June 30, 2015 • Life for Leaders
In the beginning when God created the heavens and the earth . . . And the man and his wife were both naked, and were not ashamed.”
As we look back upon Genesis 1-2, we see that God created us for community. This community is epitomized in the relationship of man and woman, which, among other things, made possible the growth of community as the first humans were fruitful and multiplied.
In Genesis 1, God created humankind in God’s own image as male and female. Community was built in from the start, an essential element of human life. In Genesis 2, the creation of human beings is seen from a different perspective. God created the man first. But then God said, “It is not good that the man should be alone; I will make him a helper as his partner” (2:18). There it is, plain as day: “It is not good that the man should be alone.” God creates us for relationship, for fellowship, for community.
Now you may want to say, “Wait a minute! The man wasn’t alone. He had God. In fact, his relationship with God was unstained by sin at this point in the story. The man and God could walk together in the garden, experiencing an intimacy we can only imagine. Why, then, would God say that the man was alone? Wasn’t relationship with God enough?”
Apparently not, from God’s point of view. God created the man for relationship with others, most pointedly, for relationship with the woman who would soon be made from his own body. Humankind reflects God’s image mostly fully in relationship, the male/female relationship in the first place, and later the relationships shared among all of God’s people.
As I listen to leaders from a broad range of disciplines, I’m impressed by how many speak of the isolation and loneliness of leadership. To be sure, there is a time when the buck stops at our desk and we need to make tough decisions that might contribute to our experience of loneliness. But, if we take seriously the fact that we have been created for community, I wonder how this might affect our patterns and practices of leadership. Might God be saying to us as leaders, “It’s not good for you to be alone”?
QUESTIONS TO CONSIDER:
Where have you experienced significant community with others?
Who are the people in your life who help you not to feel isolated in your leadership?
What do you do as a leader to nurture healthy community?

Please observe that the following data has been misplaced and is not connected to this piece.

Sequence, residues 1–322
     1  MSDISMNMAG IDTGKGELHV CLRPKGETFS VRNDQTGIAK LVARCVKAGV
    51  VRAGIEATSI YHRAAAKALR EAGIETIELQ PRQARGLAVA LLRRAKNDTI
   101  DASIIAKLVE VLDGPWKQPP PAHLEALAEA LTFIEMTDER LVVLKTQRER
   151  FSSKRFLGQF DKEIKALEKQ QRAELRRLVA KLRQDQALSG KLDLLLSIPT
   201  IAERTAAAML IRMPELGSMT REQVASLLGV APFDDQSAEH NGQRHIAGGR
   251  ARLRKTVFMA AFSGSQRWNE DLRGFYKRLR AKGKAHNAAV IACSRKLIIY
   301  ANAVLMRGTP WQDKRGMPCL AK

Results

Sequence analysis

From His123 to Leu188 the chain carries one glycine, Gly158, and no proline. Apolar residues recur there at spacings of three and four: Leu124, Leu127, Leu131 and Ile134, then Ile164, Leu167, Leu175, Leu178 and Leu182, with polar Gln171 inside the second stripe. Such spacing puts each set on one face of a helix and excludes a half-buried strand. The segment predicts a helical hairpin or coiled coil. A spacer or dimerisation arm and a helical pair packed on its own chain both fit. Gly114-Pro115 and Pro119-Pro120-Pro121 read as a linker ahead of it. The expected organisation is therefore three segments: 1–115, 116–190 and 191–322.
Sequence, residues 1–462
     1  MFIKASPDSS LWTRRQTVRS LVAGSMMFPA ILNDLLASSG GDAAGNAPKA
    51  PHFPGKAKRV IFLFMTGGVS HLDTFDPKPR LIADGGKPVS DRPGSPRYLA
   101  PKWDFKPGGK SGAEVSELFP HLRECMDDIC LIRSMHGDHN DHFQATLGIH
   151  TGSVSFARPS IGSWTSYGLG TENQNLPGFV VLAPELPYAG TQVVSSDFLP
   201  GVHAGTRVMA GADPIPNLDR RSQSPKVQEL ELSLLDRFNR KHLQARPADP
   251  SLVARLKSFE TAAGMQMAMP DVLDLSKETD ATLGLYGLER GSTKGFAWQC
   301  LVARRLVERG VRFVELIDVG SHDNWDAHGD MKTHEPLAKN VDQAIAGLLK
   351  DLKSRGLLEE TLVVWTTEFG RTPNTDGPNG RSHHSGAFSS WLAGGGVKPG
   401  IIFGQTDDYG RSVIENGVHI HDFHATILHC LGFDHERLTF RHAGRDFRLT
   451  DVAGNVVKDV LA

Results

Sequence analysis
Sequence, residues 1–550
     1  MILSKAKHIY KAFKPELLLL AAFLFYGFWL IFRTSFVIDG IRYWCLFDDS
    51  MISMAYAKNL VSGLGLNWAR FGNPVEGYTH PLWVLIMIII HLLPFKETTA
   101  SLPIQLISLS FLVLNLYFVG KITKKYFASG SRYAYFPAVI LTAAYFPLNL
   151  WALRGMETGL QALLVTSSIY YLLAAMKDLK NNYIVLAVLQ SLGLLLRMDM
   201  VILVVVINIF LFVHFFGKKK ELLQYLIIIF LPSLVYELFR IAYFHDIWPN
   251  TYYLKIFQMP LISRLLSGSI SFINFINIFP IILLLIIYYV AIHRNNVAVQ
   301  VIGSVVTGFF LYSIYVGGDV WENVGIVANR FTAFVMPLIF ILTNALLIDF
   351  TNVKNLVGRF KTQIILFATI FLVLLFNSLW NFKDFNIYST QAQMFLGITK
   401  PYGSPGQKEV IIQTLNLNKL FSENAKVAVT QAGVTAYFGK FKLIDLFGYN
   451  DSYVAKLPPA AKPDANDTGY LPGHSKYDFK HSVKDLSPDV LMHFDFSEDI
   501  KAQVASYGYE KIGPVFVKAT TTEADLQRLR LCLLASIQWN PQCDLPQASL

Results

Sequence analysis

Gracious God, thank you for creating us for community. We are greatly blessed, of course, to be in relationship with you. But, by your grace, you have also given us each other. In our community with other humans, we experience so many of life’s gifts. In a way, we share in your own community as Father, Son, and Holy Spirit.
Help us, Lord, to think about our lives and our leadership from your perspective. Teach us what it means to be in community together. Help us to challenge cultural assumptions that isolate us. By your Spirit, bind us together as your people. May our sharing of life and leadership together be an example to the world of the truth of the gospel. Amen.
Dr. Mark D. Roberts is a Senior Strategist for Fuller’s Max De Pree Center for Leadership, where he focuses on the spiritual development and thriving of leaders. He is the principal writer of the daily devotional, Life for Leaders, and the founder of the De Pree Center’s Flourishing in the Third Third of Life Initiative. Previously, Mark was the Executive Director of the De Pree Center, the lead pastor of a church in Southern California, and the Senior Director of Laity Lodge in Texas. He has written eight books, dozens of articles, and over 2,500 devotions that help people discover the difference God makes in their daily life and leadership. With a Ph.D. in New Testament from Harvard, Mark teaches at Fuller Seminary, most recently in his D.Min. cohort on “Faith, Work, Economics, and Vocation.” Mark is married to Linda, a marriage and family counselor, spiritual director, and executive coach. Their two grown children are educators on the high school and college level.